What Haven't Been Explained to You About Pain and Discomfort in Penetrative Sexual Intercourse

“Ah, you don't make orgasm happen. You allow it.”
(Emily Nagoski, Come as You Are).

Sex, orgasm, sexual desire, libido, pleasure… Have you ever spoken honestly and raw about sex with another woman? And, above all, if something is not going well, have you ever sought help? And your friends, did they look?

Probably, at some point, you have heard a family member, a friend or even your doctor say the phrase: “Relax. Try several times, as this pain will go away.” Maybe you even believed that the problem was within you and, consequently, you felt less of a woman for not being able to satisfy the needs of the person next to you (we never think about our own needs as sexual beings, do we?).

Not infrequently, we end up trying to find certain justifications: “I recently became a mother and my obstetrician told me it would take a while”; “With menopause it is normal to not have desire. It’s just like that, it always happens”; “I sought help from the gynecologist and he told me to buy some ointment and try it.” However, it is important that you know that none of this is normal. It is not normal to feel pain during, after and/or just at the beginning of sexual intercourse! And no, it's not in your head. In most cases, pain during sexual intercourse has a physiological cause, that is, the cause may be in the pelvic area, precisely where the woman feels pain.

Therefore, it is important that you look for a physiotherapist who specializes in women's health, especially if:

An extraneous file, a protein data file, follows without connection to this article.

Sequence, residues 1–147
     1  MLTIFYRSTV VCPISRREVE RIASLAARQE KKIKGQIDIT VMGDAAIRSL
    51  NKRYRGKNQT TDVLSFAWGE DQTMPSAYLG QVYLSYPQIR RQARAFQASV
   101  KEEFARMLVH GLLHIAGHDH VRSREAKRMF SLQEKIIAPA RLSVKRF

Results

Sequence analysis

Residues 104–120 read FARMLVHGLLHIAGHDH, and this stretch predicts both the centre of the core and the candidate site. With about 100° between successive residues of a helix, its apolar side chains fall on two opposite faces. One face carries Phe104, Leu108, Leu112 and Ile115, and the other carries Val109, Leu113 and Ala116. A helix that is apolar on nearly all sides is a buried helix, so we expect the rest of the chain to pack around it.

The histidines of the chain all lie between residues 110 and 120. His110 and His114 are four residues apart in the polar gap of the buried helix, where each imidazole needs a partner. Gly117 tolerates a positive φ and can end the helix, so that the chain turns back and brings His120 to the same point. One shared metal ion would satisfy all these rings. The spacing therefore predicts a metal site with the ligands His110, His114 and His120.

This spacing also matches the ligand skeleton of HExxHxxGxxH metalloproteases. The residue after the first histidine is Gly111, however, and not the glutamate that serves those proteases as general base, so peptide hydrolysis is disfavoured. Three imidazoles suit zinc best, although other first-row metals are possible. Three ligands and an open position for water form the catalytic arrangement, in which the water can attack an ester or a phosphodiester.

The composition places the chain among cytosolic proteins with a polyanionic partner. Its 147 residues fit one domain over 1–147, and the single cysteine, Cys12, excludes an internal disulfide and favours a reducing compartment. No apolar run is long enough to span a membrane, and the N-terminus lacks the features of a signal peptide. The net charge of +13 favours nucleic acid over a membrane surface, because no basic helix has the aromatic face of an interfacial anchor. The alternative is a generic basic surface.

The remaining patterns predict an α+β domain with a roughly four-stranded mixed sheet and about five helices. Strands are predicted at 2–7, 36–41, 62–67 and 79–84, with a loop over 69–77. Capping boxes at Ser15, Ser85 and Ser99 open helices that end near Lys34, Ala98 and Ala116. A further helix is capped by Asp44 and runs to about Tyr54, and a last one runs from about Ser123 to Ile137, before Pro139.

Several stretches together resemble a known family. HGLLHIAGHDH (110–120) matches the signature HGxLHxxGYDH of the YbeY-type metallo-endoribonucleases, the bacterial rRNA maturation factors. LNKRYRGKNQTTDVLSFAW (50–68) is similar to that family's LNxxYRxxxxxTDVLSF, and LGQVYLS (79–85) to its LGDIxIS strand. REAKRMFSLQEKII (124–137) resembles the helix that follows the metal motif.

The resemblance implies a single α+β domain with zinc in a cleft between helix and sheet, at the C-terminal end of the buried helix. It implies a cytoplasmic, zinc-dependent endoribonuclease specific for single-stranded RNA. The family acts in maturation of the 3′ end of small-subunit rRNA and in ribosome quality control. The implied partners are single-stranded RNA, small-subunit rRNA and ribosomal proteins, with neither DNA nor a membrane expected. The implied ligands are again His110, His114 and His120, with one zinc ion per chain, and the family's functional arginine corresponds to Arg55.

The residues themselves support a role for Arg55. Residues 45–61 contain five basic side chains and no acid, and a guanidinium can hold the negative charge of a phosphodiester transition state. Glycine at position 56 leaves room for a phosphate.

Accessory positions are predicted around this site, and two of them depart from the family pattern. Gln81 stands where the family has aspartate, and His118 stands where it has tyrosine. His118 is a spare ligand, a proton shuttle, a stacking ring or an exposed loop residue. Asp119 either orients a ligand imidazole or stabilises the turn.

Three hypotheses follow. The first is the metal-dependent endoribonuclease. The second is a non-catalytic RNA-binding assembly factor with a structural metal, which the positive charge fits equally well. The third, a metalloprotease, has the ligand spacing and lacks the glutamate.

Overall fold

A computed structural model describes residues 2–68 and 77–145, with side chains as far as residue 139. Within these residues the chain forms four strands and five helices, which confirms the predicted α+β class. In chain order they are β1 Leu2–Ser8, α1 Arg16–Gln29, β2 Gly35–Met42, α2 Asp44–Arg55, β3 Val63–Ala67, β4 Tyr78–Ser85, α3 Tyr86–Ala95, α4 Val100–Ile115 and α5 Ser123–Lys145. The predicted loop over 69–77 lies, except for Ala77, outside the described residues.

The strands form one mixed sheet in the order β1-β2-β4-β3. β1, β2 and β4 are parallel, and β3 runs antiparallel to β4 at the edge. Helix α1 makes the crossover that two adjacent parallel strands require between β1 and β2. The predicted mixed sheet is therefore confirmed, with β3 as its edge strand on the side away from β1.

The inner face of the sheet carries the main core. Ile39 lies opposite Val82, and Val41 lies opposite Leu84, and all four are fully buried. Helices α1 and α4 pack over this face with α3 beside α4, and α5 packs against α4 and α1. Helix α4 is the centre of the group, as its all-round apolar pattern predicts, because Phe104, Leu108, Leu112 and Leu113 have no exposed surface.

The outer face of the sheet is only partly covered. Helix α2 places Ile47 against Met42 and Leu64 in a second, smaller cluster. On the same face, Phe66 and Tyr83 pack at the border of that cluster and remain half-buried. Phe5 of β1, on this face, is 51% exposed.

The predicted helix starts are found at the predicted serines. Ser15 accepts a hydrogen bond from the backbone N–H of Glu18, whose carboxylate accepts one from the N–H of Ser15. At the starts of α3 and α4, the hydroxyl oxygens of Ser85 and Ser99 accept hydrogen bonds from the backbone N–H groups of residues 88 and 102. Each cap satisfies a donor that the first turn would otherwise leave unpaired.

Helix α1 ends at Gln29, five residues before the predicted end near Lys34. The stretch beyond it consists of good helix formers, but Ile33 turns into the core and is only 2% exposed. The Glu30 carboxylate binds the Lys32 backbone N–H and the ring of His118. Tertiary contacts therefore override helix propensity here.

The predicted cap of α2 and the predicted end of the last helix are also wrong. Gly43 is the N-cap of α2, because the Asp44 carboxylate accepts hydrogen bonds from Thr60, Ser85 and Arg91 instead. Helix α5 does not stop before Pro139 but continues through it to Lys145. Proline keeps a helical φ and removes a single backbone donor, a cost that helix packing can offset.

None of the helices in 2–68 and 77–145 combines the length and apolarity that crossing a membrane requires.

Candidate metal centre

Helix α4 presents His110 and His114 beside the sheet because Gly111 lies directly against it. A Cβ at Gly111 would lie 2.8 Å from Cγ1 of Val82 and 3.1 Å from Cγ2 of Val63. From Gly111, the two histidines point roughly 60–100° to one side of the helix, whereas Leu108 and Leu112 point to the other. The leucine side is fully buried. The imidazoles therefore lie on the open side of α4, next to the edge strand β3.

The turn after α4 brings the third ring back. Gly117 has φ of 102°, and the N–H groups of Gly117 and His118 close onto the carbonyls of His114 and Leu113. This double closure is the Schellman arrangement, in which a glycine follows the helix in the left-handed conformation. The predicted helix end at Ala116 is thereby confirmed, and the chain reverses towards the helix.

• Feeling pain upon penetration;
  • Feeling pain after sexual intercourse;
  • Unable to insert a tampon;
  • Have a burning or burning sensation in the vulva;
  • Feeling pain during a gynecological examination.

Speaking of pleasure, orgasm and libido, confess: how many times have you spoken openly about the subject? And with your partner, do you talk about what gives you the most pleasure, what you like most? Most likely, no. Allowing yourself to reach orgasm and have pleasure – whether with penetration or with yourself – is sometimes difficult to achieve.

Female sexual health is still largely overlooked, thanks to the fact that we don't talk about our bodies, pleasure or orgasms.

We leave you with another curiosity: did you know that the difficulty in reaching climax (or the decrease in its intensity) may be related to the pelvic floor muscles? Yes, a decrease in your strength, flexibility and agility can influence your sexual response.

If you regularly train your pelvic floor muscles, you can increase blood circulation in the pelvis and vagina, which influences the response of the clitoris – the magical organ of female pleasure!

I would like to highlight a very important note: it is crucial that, initially, you begin by being carefully evaluated by a physiotherapist specialized in pelvic health to understand the cause of your symptoms.


Text: Ana Sofia Pires, women's physiotherapist, co-founder of the FisioDuasMãos office and founder of the page @fisio_mulher_e_mae .

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